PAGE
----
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Daily News Blog

20
Aug

Nearly Half of All U.S. Adults Seek Out Organic Food

(Beyond Pesticides, August 20, 2014) According to a new Gallup poll, nearly half of all U.S. adults “actively” seek to add organic food to their diets. Many who eat and incorporate organic foods into their diet are from city areas, whereas those who eat the least organic foods are described as coming from rural areas. Those who live in the western half of the country and are middle class were also more likely to eat organic food. The poll underscores the notion that many view the benefits of organic foods as greater than the perceived drawbacks, such as higher costs or limited access.

organicfoodsurveyThe Gallup poll, as reported by The Washington Post, polled about  1,000  adults across the country in July and found that Americans most likely to eat organic are in the West, live in a city, are 18 to 29 years old, vote Democrat or have an annual household income greater than $75,000. Those most likely to avoid organic foods are basically the opposite: those who live in the East, live in more rural parts, are age 65 or older, vote Republican or have an annual household income less than $30,000. This is the first year Gallup has asked about eating organic foods in the annual Consumption Habits survey.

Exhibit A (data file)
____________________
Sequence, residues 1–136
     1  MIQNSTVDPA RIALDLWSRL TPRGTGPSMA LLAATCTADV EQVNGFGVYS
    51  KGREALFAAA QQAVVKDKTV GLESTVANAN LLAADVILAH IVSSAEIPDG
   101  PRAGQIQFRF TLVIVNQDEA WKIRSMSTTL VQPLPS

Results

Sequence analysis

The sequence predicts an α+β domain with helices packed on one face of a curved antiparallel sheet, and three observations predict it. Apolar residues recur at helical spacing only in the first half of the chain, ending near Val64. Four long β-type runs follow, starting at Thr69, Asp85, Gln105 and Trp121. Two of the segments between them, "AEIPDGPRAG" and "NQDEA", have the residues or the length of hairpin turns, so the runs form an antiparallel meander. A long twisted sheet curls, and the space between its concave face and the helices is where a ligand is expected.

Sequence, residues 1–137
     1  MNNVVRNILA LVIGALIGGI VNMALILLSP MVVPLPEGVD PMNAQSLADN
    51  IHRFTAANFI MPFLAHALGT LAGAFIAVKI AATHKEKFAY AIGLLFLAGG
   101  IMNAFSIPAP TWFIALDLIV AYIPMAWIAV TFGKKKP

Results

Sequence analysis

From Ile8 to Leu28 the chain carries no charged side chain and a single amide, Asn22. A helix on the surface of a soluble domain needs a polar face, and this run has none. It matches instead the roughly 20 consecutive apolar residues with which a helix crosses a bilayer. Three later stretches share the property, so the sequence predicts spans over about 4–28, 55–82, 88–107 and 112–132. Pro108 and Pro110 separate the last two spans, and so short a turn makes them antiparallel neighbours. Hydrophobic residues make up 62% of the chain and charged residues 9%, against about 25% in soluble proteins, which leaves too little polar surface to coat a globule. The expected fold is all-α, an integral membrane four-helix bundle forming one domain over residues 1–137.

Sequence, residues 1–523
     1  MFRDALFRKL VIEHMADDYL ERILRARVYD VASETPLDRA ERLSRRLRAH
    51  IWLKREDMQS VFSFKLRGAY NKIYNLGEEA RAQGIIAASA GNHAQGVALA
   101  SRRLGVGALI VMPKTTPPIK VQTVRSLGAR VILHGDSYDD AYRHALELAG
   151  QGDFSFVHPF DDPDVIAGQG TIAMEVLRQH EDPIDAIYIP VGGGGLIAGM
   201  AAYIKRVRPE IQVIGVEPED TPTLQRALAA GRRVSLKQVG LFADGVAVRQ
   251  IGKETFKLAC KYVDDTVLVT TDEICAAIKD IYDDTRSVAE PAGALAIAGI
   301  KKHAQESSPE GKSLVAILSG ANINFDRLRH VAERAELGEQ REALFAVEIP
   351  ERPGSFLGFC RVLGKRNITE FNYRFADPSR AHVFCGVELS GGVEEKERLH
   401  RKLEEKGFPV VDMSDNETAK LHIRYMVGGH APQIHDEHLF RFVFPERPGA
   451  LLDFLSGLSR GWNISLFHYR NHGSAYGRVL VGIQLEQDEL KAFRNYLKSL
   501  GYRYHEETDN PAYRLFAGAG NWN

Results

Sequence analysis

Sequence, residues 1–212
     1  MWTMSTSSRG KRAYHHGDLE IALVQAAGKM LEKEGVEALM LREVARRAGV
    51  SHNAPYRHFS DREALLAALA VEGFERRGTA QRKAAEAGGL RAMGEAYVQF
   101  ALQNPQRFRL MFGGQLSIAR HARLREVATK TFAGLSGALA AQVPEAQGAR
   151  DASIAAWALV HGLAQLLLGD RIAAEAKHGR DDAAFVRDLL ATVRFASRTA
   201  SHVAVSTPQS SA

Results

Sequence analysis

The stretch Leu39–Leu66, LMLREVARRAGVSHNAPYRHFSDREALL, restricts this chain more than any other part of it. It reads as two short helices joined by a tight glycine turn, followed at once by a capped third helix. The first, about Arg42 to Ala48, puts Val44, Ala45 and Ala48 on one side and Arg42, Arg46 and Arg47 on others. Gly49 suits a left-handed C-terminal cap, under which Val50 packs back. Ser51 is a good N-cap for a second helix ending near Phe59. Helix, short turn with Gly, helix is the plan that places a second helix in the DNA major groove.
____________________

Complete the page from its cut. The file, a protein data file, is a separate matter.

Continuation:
Specifically, 45% of those polled actively try to include organic foods into their diet. The inclusion of organic foods is highest in the West (54%) and lowest in the East (39%). Americans who report living in a big or small city are more likely to eat organic foods than those who describe their location as a town or rural area, 50% versus 37%, respectively, while those who live in suburban areas fall between these two groups. While household income continues to be a factor in food choices, with almost half of upper-income Americans actively buying organic foods, a significant amount of lower-income Americans (42%) now include organic into their diets. The poll  notes that “given that almost half of Americans actively try to include organic foods in their diets, they may view the benefits of organic foods as greater than their downsides, such as the higher cost or limited access.” While organic is associated with a “premium,” or more expensive cost, many say the cost of organic food simply reflects the true costs of production.